Troubleshooting our Air Conditioner – I didn’t want to repair the air conditioner, I didn’t want it to break. If you own an RV (or any house) it will break. Here is how I fixed our RV air conditioner that broke as we left Las Vegas (where it worked just fine).
This is not the first time I have dug around inside our air conditioner. RV air conditioners require maintenance, at least once a year just to clean off the heat exchanger. I also installed a Micro Air EasyStart 364 in both our air conditioners early this summer. Here is my post about the EasyStart.
At first, I thought about my install of the EasyStart and perhaps I caused the problem while installing it.
Why did it fail?
I also thought that perhaps the air conditioner broke because I was test running it from the batteries. I knew in the back of my mind, that this couldn’t be the cause — because 90% of my testing was running the front air conditioner, not the back air conditioner… and it was the back air conditioner that broke.
The fear was that perhaps the air conditioner was completely broken never to run again. This happened this spring, to our front air conditioner, which required it to be replaced. The same failure, never to run again, just happened to our friends Bill and Kathy, when they were with us in Utah. Bill heard his air conditioner fail with a loud thunk. They are still trying to find a replacement unit.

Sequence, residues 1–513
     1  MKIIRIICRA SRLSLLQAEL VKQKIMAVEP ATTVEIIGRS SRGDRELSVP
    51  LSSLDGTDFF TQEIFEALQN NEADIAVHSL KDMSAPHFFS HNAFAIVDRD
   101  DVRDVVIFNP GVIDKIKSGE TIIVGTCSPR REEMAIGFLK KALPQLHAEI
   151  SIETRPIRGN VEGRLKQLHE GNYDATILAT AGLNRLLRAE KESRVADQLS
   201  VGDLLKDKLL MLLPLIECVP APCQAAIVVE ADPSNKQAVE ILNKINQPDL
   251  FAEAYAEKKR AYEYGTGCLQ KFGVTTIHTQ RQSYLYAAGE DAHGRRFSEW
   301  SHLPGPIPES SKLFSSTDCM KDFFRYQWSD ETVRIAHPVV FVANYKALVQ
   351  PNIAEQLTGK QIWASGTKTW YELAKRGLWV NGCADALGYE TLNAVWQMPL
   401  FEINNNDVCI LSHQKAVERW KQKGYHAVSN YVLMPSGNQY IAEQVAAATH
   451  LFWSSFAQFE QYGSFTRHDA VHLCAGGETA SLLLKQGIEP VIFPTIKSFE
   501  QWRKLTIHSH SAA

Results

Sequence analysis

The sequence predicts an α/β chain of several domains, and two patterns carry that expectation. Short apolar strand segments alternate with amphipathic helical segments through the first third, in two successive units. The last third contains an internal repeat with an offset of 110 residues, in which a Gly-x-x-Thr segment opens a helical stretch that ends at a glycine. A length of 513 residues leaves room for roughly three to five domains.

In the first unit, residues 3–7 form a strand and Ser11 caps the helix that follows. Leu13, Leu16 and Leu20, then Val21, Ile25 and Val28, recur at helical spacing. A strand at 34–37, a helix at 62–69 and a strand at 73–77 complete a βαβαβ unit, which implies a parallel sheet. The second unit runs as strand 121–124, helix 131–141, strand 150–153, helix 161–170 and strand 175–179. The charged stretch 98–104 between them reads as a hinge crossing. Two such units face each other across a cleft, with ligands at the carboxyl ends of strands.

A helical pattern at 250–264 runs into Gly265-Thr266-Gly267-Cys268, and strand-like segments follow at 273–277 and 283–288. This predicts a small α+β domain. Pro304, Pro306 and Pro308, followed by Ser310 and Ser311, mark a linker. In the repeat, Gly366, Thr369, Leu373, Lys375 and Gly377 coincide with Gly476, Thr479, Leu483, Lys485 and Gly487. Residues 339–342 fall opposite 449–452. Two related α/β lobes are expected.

Troubleshooting our Air Conditioner
I don’t want anyone to think I am some kind of troubleshooting wizard. You may recall that my furnace also failed earlier, and as I was preparing to take it apart. I fixed it by turning on the gas valve. Sometimes I fix things by plugging them in. Some times I fix things so good, that they can never be fixed again — by anyone.
I didn’t want to get a new air conditioner, nor did I want to live with only one air conditioner, nor did I want to pay for someone else to correct an obvious problem. So according to my normal method, I decided to take it apart to try and fix it. I found the problem while troubleshooting our air conditioner and thankfully it was an easy fix.